The Elkins Round-the-World Voyage

August 13, 2000



Dear Friends 13.14S 163.06W we are at Suwarrow. It is kind of a Gilligan's Island. There is a small home that was blown in and a boat on the beach that has a tarp on it and I guess it is a well boat but from a distance it looks tattered. There is a small sandy beach with a rock quarry that got destroyed by heavy seas from a hurricane. There is a reef that comes quite a ways out - only about a foot of water to get your dinghy up to shore. So you get out and pull it in. On shore there are 3 hammocks and a picnic table and a cook place for picnics. In farther is a house for the caretakers (about 3 bedrooms), a front room with books for the yachties to swap books and no furniture.  There are beds - make shift foam on board frames.They have misquito netting on them. There is an outdoor toilet by the beach. Tom Neal lived here three different times. But to no avail - the things he built kept being torn down by wind and sea. There is still a building they thought to be his kitchen, out back of the house.

We walked on some of the trails and found a little bunk by the sea with a thatched roof for shade. There was a family that lived here with kids who survived a hurricane here by tying themselves in rubber trees - very stout heavy duty trees. The Father, Robert Frisbie, wrote a book - see if you can find something by him or daughter, Johnny Frisbie.

Dan and I went for a walk around the Motu (island), was nice.We met some people ashore. Reese and Cathy are here to count birds for a voluntary project for the Cook government. So there is no care takers here to collect money. We met Mary Francis and three boys who started from San Diego like we did who did the Baha.  They went to Raratonga and brought the Bird people in here. The bird people hadn't sailed before and got rather sick. They had 4 barrels to bring with them also. Upon getting here they had to hoveto outside because the weather was too bad to enter the pass.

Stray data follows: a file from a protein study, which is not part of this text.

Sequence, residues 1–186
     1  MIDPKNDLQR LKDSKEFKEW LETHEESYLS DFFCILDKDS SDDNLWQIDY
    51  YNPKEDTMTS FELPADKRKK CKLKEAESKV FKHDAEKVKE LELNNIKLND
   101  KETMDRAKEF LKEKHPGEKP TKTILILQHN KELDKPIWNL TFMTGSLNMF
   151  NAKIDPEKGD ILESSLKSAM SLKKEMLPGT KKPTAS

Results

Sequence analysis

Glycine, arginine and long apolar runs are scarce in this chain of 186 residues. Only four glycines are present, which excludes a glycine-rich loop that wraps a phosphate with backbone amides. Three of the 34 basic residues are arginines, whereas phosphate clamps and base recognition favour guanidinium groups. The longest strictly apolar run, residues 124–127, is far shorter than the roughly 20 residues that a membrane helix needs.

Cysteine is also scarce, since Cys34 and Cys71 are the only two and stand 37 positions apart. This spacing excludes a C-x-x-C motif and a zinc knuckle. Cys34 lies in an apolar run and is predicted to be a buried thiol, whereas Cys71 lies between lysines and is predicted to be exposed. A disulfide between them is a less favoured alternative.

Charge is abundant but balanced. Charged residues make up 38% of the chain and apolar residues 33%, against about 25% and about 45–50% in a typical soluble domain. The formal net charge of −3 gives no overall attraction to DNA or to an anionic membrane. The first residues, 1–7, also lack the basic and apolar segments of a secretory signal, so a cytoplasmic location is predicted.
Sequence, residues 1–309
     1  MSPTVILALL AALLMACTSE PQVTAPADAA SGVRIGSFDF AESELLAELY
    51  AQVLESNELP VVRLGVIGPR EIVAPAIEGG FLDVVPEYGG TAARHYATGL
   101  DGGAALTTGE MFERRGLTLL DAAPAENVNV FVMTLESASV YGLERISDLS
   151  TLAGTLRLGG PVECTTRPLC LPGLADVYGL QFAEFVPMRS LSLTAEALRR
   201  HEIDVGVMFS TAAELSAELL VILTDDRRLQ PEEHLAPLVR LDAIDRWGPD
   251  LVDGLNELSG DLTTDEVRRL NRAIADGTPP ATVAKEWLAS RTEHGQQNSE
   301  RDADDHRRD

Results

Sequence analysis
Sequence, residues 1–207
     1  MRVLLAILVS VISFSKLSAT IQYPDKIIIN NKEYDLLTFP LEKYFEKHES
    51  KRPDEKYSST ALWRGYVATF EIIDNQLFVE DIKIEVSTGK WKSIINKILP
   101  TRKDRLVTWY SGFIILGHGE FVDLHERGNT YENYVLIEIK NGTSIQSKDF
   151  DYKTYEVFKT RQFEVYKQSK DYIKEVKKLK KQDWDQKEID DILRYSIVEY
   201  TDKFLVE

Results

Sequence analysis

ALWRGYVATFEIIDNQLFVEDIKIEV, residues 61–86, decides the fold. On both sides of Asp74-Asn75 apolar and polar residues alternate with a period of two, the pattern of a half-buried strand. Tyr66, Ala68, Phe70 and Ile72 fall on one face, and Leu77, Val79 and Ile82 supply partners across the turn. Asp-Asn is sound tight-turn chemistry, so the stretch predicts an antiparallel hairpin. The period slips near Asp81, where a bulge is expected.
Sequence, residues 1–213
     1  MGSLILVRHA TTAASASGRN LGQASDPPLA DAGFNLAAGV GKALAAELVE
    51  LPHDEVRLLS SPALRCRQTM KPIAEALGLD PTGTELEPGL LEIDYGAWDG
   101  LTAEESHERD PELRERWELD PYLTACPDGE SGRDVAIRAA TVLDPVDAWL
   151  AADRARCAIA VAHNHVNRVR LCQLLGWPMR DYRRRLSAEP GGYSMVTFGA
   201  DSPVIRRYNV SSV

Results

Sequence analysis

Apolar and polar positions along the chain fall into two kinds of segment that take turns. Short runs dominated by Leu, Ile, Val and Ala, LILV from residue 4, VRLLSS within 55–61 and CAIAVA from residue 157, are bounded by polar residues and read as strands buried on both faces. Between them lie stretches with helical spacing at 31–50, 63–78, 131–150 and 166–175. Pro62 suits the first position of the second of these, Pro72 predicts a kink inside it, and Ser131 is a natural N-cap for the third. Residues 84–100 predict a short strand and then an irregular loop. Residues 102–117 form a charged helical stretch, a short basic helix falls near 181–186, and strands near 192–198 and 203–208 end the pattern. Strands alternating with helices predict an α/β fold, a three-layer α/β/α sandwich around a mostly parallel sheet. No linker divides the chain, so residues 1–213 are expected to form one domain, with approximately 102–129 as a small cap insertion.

We also met another boat, Red Boomer, from Australia - 70'.   This fellow and daughter, Bill and Evette, have sailed around three times. They had picked up two crew boys along the way. Quite interesting people. So we decided to have a potluck on the beach the next night.  It rained on and off all day and about 6:00 that evening we proceeded with our picnic. Two of the boys had guitars and played and sang. There was ribs, coleslaw, pumpkin, potatoes, baked beans, and chicken and dumplings. It was 10:00 before we decided to go back to the boat. It only rained once while we where at the picnic.

Today we went ashore with Tucumcarrie - we were going to walk the reef to the other island. Was too high of water and too swift - not a good time.   Dan walked out on the reef and played by himself for awhile. He saw some bright green Parrot fish and watched them. Then we walked around the end of the island and back to the beach. Visited with others on the beach. Back to the boat and invited Bob & Cin from Tucumcarrie to watch a movie. Oh I had some of that Sailfish for dinner the other night - was pretty good. Our other friends Fantom, Astrolabe and Kookaburra are on their way from Bora Bora. They have 3 more days to go. Don't know if we will be here that long though. Dan needs Coca cola so will be moving on to American Samoa. Till Later Dan and Sandy

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TomNeale.jpg (8024 bytes) In the 1950s Suwarrow achieved fame as the home of the New Zealand hermit, Tom Neale, who stayed alone there from 1952 to 1954 and again from 1960 to 1963. His experiences were documented in his book "An Island to Oneself".  There is also a website which specializes in lauding Tom Neale.








PukaPuka.jpg (15892 bytes) "The Book of Puka-Puka"
by Robert Dean Frisbie, 1995

ISBN: 0935180273
Click here to buy a copy

About The Book:
Lone trader on a South Sea atoll, Ropati tells charmingly of his first years on PukaPuka, where he was destined to rear five half-Polynesian children.







ParrotFish.jpg (18773 bytes) The Parrot Fish covers themselves with a jelly-like substance at nights to protect themselves against external effects. This substance camouflages the fish and protects it against its enemies which are active at night and pose a threat for it.